PulmCrit- Top 10 reasons pulse oximetry beats ABG for assessing oxygenation
The arterial blood gases on 2 L-min -1 of 02 were: Pao2 = 65 mm Hg, Paco2 = 51 mm Hg, In patients with an acute episode, restricted mobility should be minimized to The difference is due lo the large cross-sectional area of the pulmonary. On a Friday night shift, an ambulance brings you a 52 year-old man who had an episode of Low SpO2 readings occur because pulse oximeters utilize light nm to calculate the ratio of oxy-hemoglobin to deoxy-hemoglobin in blood. Dosing is mg/kg of methylene blue administered intravenously. B R O'Driscoll,1 L S Howard,2 A G Davison3 on behalf of the British Thoracic Society. 1 Department of . vulnerable to repeated episodes of hypercapnic respiratory failure. In these However, the arterial oxygen tension (PaO2) is less accurate in .. established a working party in association with 21 other societies and.
One of those numbers that I really dislike nurses putting all of their faith in is SpO2, okay. Code blue room What SaO2 is is SaO2 is really the saturation of our arterial blood with oxygen, okay. Within our arteries we have our red blood cells. Within our red blood cells we have hemoglobin. Our hemoglobin can carry four oxygen molecules.
If we dive in here to our lungs. As we breathe air in air will eventually, you know that has oxygen in it and that air will eventually make it down to the alveoli.
Correlation between the levels of SpO2 and PaO2
Those alveoli will come in contact with blood passing through the pulmonary artery, okay. We have all this blood sitting in that pulmonary artery. Some of that oxygen that we breathe in is going to go actually and attach to hemoglobin, okay. Other portions of that blood is just going to sit in that pulmonary artery and flow through the blood.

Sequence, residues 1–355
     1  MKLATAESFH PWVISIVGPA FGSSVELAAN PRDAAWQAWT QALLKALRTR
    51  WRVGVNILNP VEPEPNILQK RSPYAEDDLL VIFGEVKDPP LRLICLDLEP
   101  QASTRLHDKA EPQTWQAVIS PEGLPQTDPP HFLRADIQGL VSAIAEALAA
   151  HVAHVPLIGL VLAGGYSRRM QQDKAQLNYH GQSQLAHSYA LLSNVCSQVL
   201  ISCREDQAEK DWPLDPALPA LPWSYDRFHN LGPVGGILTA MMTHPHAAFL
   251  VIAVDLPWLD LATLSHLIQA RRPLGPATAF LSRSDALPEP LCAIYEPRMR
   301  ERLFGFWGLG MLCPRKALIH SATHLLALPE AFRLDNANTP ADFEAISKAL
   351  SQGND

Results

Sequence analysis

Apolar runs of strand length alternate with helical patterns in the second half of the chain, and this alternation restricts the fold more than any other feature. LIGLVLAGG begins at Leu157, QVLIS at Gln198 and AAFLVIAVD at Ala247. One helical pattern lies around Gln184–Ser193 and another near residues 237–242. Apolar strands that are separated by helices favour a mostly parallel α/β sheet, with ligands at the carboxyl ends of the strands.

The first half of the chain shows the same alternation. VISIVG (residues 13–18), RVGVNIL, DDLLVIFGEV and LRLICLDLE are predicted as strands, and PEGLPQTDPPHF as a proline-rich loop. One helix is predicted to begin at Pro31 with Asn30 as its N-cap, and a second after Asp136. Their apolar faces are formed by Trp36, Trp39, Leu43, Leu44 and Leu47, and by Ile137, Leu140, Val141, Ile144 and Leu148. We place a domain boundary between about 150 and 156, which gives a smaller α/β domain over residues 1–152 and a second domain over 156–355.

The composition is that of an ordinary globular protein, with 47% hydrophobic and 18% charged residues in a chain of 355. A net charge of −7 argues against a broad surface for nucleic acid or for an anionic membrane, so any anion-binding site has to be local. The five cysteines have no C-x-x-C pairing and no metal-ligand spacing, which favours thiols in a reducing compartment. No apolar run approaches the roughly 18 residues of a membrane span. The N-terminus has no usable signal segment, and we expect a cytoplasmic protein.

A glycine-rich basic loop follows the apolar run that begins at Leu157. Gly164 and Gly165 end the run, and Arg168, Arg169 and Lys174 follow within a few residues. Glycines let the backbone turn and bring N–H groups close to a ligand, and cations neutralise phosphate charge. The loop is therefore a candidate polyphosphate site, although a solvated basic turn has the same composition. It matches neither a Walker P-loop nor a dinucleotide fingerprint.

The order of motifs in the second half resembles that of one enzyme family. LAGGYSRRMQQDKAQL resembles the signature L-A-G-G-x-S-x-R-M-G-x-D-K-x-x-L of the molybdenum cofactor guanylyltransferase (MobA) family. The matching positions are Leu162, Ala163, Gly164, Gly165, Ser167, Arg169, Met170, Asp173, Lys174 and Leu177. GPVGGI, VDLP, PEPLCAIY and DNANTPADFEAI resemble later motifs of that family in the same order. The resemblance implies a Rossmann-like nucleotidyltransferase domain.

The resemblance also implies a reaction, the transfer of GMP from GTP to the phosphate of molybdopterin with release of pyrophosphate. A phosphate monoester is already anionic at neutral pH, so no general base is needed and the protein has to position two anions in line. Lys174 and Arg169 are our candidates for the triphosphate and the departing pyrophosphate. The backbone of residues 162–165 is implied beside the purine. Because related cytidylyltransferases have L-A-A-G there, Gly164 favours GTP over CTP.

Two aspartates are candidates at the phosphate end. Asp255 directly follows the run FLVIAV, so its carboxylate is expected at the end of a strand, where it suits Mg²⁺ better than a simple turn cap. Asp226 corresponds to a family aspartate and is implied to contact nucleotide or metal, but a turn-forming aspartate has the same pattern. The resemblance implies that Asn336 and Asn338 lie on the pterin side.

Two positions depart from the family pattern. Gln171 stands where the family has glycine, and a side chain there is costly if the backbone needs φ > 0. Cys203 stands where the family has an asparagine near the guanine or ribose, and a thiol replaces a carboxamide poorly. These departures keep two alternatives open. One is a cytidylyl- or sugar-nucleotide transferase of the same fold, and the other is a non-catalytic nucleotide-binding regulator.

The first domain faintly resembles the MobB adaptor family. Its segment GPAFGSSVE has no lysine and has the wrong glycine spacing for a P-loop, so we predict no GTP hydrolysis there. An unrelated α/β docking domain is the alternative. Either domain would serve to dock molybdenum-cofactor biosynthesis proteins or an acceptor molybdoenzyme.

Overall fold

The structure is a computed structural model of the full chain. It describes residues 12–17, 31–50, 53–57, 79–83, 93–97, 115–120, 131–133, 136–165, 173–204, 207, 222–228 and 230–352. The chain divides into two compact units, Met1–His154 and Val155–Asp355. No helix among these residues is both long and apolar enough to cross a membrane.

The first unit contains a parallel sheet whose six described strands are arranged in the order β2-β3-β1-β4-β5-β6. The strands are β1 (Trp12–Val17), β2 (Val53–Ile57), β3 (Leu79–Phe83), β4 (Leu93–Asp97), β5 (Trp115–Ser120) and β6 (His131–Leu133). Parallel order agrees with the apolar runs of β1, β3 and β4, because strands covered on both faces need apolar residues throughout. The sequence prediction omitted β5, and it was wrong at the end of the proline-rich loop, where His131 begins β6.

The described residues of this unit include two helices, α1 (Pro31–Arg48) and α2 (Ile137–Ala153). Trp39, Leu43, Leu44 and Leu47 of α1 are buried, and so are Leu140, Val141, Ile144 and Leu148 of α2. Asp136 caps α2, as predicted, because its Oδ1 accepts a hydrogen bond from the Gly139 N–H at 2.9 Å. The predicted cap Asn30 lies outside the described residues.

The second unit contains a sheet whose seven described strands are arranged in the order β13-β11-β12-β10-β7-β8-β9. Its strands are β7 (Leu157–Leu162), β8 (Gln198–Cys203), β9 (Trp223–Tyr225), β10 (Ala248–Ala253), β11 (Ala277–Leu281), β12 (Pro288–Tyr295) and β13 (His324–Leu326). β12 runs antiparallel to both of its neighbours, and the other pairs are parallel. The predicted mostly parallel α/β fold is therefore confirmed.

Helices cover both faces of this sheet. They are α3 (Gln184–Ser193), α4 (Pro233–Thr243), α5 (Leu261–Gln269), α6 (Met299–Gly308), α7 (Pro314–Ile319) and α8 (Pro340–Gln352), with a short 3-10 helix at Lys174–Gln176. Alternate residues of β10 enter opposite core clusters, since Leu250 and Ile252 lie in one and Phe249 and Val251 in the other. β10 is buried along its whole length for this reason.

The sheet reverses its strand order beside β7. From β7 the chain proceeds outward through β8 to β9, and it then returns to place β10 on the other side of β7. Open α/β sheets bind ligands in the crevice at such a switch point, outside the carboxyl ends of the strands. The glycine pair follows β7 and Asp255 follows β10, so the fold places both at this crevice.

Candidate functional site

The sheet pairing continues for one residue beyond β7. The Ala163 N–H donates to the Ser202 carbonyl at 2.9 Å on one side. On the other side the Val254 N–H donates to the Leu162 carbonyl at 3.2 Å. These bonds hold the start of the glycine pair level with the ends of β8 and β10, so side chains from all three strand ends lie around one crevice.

The vast majority of our oxygen is going to bond with that hemoglobin. Then the blood will then pass through the body, go into the pulmonary vein and out through the body, okay. The reason we need that oxygen, right, we have to have oxygen to carry out ATP which creates energy and allows us to do everything that we need to do.
The blood is then going to go out to the body to the tissues. These tissues require oxygen, okay. These tissues have to have oxygen in order to carry out their metabolic processes, in order to carry out ATP, okay. As that blood passes through the lungs and becomes oxygenated. From the aorta that blood with oxygen attached to hemoglobin and oxygen floating in the plasma is then going to go down into the tissues.
Remember, these tissues have to have oxygen in order to carry out their metabolic process. In order for ATP to occur these tissues have to get that oxygen. One thing we look at with here is we look at our delivery of oxygen, okay. Delivery of oxygen is made up of a couple of things. And the units on this are milliliters of oxygen per, I said, milliliters of blood. So these are the units here. And this is going to equal-- to figure this out, I need to know the hemoglobin concentration.
And there it's the grams of hemoglobin per milliliters of blood. And then, I have to multiply this by a constant. And the constant is 1. And what that number is, is it's telling me the milliliters of oxygen that I can expect to bind for each gram of hemoglobin. So that's actually quite a nice little number to have handy because now you can see that the units are about to cancel. This will cancel with this.
And I end up with our correct units. But there's one more thing I have to add in here which is the oxygen saturation.
Methemoglobinemia: Not the Usual Blue Man With Low SpO2
Remember, this O2 saturation. And if I know the O2 saturation, remember, there's this nice little curve. This is O2 saturation. And if I'm looking at just the arterial side, I could write, S little a O2. And I could compare to the partial pressure in the arterial side of oxygen.
Ep171: A&P: Never Trust SpO2 and Oxygen Delivery DO2 Video (cardiac SaO2, SpO2, PaO2))
And remember, we have these little S-shaped curves. And all I want to point out is that, for any increase in my PaO2, in the partial pressure of oxygen, I'm going to have an increase in the O2 saturation.